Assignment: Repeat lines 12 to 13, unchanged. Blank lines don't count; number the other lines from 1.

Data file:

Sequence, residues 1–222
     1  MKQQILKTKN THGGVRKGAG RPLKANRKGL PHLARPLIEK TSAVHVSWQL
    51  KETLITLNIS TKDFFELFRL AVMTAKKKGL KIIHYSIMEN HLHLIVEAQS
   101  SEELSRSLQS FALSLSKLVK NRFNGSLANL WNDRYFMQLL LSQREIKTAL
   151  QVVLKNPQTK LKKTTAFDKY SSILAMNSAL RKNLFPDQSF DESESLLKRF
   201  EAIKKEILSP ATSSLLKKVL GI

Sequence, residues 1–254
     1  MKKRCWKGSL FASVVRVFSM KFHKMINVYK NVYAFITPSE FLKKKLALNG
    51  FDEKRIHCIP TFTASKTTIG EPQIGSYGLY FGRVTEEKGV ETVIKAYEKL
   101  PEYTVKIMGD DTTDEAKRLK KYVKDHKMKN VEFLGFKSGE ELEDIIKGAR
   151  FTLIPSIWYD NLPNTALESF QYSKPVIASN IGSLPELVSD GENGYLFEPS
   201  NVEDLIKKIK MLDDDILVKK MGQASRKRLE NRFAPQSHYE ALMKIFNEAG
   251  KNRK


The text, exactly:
   201  NVEDLIKKIK MLDDDILVKK MGQASRKRLE NRFAPQSHYE ALMKIFNEAG
   251  KNRK